Gun violence has become a regular part of the news headlines this year. Murders in American cities spiked in 2021, particularly in large cities. So far this year, the trend has continued. The Wall Street Journal recently reported on a surge in gun violence in Seattle, which is generally considered a relatively safe city. (These are the metros where murder rate is soaring.)
According to the Gun Violence Archive, there already have been 9,558 gun deaths in America so far in 2022. Even with stricter gun ownership and purchasing laws, the difficult fact is that about 400 million guns are currently owned by private citizens, the police, and the military. The chance that civilians who own guns will turn them into the government, no matter what the incentive, is small. (Violent crime in general has been rising. These are the states where crime is soaring.)
Gun sales, meanwhile, have been increasing in recent years. There are several theories explaining the sharp rise in gun sales, particularly in 2020. Among them is the violence in American cities during protests. Another theory is that the pandemic, perhaps irrationally, has increased concerns about protecting one’s property. The 2022 background checks figures show that some of these trends may have started to taper off.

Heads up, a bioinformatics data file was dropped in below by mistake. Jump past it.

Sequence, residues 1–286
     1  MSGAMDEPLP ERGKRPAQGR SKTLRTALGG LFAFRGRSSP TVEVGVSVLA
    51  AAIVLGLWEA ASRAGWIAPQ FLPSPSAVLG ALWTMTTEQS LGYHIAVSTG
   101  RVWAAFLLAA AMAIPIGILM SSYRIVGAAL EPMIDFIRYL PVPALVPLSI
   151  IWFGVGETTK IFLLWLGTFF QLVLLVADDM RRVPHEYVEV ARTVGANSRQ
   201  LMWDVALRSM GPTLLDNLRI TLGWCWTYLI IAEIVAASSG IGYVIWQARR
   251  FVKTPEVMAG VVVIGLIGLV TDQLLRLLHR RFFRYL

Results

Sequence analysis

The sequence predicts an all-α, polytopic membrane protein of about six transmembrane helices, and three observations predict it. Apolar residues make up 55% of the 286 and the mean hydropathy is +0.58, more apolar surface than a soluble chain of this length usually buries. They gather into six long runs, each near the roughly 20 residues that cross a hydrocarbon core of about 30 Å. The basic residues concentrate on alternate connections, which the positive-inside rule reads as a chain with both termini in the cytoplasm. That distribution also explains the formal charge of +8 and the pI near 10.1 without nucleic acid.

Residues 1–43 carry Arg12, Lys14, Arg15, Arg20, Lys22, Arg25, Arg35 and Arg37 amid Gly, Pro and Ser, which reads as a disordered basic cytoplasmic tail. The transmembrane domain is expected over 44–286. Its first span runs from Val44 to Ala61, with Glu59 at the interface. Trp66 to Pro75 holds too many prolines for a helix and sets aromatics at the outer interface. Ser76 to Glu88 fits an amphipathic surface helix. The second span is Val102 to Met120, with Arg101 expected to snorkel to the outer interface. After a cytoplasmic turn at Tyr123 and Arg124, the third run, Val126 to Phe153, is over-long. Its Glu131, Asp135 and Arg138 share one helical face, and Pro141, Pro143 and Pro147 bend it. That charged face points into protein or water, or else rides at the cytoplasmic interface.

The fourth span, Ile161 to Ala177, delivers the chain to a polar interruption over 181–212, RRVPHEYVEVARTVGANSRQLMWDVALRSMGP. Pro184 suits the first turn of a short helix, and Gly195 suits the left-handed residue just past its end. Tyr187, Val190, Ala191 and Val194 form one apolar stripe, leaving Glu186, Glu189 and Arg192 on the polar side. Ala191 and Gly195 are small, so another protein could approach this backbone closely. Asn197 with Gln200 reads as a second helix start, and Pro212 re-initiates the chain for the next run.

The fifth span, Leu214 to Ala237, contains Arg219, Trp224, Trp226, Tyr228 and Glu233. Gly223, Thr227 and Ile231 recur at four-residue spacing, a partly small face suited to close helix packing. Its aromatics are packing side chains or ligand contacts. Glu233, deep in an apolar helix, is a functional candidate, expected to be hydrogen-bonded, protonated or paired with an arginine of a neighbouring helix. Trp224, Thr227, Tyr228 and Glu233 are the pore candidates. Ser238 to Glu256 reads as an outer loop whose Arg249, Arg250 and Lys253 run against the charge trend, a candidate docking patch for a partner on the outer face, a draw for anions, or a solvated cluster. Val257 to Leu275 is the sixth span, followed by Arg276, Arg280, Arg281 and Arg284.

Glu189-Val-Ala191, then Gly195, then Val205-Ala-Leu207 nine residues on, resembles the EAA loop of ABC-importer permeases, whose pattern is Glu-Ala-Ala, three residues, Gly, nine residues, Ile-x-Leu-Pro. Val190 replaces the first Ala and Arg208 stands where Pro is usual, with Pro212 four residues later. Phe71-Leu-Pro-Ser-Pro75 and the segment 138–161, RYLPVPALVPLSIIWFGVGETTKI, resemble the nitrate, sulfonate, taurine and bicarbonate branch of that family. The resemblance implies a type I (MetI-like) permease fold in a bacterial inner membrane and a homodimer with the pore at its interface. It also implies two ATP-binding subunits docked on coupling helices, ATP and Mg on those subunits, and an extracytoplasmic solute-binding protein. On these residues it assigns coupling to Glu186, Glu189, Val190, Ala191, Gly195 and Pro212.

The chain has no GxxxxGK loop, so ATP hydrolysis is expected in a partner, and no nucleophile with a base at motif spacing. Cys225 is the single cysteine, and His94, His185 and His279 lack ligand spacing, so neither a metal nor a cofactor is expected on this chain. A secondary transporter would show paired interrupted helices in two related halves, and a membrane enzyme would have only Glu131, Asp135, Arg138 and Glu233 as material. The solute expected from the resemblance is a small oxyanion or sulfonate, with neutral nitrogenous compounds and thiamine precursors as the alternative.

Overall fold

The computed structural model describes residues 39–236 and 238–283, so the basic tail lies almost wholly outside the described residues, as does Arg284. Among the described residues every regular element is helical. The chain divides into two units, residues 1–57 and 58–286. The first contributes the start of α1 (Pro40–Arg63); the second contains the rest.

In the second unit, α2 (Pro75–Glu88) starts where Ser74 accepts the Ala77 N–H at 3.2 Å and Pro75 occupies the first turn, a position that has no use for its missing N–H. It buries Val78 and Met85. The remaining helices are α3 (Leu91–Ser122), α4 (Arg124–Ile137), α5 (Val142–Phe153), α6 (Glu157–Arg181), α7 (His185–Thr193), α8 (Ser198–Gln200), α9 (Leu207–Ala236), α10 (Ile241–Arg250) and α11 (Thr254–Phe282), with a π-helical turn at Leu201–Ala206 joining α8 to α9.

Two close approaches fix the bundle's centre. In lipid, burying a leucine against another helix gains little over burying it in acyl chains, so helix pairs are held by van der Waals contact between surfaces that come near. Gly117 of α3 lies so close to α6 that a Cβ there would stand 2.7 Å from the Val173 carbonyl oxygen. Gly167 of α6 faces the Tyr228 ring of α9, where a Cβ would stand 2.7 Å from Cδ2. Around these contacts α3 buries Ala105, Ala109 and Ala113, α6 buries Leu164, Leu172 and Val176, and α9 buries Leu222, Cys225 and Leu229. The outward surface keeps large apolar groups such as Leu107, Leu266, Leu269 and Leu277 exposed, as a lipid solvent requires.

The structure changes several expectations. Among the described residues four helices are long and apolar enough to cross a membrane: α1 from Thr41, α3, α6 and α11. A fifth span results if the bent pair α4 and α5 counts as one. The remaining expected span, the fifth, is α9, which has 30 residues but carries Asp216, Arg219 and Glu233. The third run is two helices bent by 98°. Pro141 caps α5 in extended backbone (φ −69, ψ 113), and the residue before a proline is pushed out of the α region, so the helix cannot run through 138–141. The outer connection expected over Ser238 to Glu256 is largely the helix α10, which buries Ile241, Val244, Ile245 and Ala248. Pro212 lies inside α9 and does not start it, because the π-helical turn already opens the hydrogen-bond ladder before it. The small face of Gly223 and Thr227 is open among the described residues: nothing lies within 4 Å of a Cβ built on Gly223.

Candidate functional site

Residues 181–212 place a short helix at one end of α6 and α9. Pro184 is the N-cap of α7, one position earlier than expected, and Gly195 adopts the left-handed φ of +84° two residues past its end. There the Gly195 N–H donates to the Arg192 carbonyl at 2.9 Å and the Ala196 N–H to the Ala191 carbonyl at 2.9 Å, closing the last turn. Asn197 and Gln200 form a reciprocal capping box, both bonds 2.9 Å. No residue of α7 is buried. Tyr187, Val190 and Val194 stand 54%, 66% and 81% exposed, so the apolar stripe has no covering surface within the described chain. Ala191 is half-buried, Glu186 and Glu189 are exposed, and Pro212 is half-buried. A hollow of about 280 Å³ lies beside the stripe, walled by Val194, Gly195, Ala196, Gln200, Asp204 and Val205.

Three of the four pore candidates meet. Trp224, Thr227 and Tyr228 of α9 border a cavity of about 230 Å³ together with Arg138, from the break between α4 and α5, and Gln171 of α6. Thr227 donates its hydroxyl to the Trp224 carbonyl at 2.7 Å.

The trend in gun sales began to change already in 2021 compared to most other years in the past decade, though gun sales still remained at elevated levels compared to previous years. Gun sales, using the FBI’s firearms background checks as a proxy, reached 38,876,673 in 2021. This was down slightly from the record set in 2020 of 39,695,315.
Inexplicably, gun sales collapsed in the first two months of this year, compared to the same period in 2021. So far, the FBI’s National Instant Criminal Background Check System reported 5,146,500 background checks, compared to 7,760,581 in January and February of 2021. That means the 2022 number was only 66% of the number for 2021.
Total gun sales remained high in some states. They were particularly large in Illinois, with 782,222 background checks during January and February.
To find out by how much gun sales plunged in each state so far this year, 24/7 Wall St. reviewed background checks data from Jan. 1, 2022, to Feb. 28, 2022, from the FBI’s NICS Firearm Checks. States were ranked by the change in gun sales in the first two months of 2022 compared to the same period in 2021. We used background checks as a proxy for gun sales. Population data came from the U.S. Census Bureau.
Here are the gun sales figures for the first two months of 2022 for all 50 states
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